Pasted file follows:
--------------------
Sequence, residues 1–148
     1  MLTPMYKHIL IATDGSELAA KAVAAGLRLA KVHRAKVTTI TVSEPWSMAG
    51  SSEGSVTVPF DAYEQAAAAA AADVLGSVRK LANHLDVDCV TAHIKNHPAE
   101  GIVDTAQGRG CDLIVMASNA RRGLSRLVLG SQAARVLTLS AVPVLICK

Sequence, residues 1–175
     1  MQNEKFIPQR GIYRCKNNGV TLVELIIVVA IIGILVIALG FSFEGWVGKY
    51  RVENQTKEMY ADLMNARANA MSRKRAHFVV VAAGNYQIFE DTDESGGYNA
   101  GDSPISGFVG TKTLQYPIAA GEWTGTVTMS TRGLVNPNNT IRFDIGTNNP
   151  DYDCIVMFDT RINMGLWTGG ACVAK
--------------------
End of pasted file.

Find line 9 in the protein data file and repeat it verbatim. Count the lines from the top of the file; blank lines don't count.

   151  DYDCIVMFDT RINMGLWTGG ACVAK